What other Apps work?
In total (so far) I have managed to get working:
Google Play for movies and music
Chrome browser (with extension) for desktop and video playback (mp4, m4v, avi and mpeg)
BBC Iplayer via Chrome browser
What do I think?
I love it! After using Miracast, long HDMI cables, small PC under the TV and more, it’s now my main device for streaming YouTube, Netflix and more in High definition, with good sound and obvious lip-sync for movies.
Streams Android to a big TV
Works with MAC, PC’s, Tablets
Easy to setup and transport
Cheapest media adapter
Early days, so limited apps (Pandora, Hulu Plus, and HBO Go are all expected to be next )
Mirroring limited to browser tab
Windows Phone not supported
Chrome is the only supported browser
Can’t store files directly on the device.
Thanks Terry – I owe you a beer
Footnote – this post is getting quite a bit of interest. Google Chromecast seems to be available to buy in the UK at Amazon.
If this review was useful you should also check out these other Chromecast reviews on this blog here and here.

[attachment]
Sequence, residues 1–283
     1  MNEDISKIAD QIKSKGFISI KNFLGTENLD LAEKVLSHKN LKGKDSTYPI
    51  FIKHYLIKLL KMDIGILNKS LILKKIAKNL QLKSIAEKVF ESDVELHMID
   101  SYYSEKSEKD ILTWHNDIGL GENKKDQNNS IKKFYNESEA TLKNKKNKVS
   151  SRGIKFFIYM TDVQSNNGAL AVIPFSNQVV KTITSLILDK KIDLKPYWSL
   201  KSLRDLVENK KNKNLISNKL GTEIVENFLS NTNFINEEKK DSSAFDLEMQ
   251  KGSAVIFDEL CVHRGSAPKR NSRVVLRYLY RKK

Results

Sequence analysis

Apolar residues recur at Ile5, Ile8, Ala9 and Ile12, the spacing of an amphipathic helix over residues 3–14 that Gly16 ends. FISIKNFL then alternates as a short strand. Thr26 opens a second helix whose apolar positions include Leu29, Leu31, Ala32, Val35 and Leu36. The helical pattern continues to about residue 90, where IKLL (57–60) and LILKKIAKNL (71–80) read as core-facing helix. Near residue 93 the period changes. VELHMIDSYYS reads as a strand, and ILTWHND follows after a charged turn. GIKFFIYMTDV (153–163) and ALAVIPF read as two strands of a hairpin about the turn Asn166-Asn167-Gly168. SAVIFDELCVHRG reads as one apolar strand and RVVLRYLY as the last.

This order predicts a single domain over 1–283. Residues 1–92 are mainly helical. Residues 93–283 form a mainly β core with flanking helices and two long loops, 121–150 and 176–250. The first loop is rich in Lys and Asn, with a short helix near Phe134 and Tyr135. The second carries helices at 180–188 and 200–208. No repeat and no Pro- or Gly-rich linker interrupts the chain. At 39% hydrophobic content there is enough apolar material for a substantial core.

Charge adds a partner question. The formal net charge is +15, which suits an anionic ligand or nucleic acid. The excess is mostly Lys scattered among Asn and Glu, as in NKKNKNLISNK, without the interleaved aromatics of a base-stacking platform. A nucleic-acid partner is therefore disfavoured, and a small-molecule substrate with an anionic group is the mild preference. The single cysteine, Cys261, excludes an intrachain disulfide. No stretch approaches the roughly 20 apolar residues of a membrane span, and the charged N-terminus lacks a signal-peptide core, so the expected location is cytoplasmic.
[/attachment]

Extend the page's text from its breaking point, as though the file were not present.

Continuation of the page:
Update 17th March 2014 – Google Chromecast to become available in the UK – leading to lots of visitors to reviews on this site.
11 replies on “Google #Chromecast in the UK – review 5 days in #YouTube”
we got one in the office recently too, really interesting little things, they don’t work quite how you’d expect them to, they sort of act as a direct client but you initiate the stream to the chrome cast from something else.
Eg. with Chrome, you can start a tab streaming to the chromecast but then lock the screen on the sending PC and wander away. with Netflix and youtube, the same, the browser tab starts things up but then the chromecast sort of handles it all independently. The PC doesn’t relay the media, it goes straight to the chromecast, as least as far as we can tell.
Same when casting from a mobile, once started, you can turn the screen off and the phone isn’t really needed anymore.
Quality of the Netflix HD streams is very impressive, too. After testing our call centre wallboard app worked properly, we were impressed by the final season of Arrested Development 🙂
I may get one for the kids.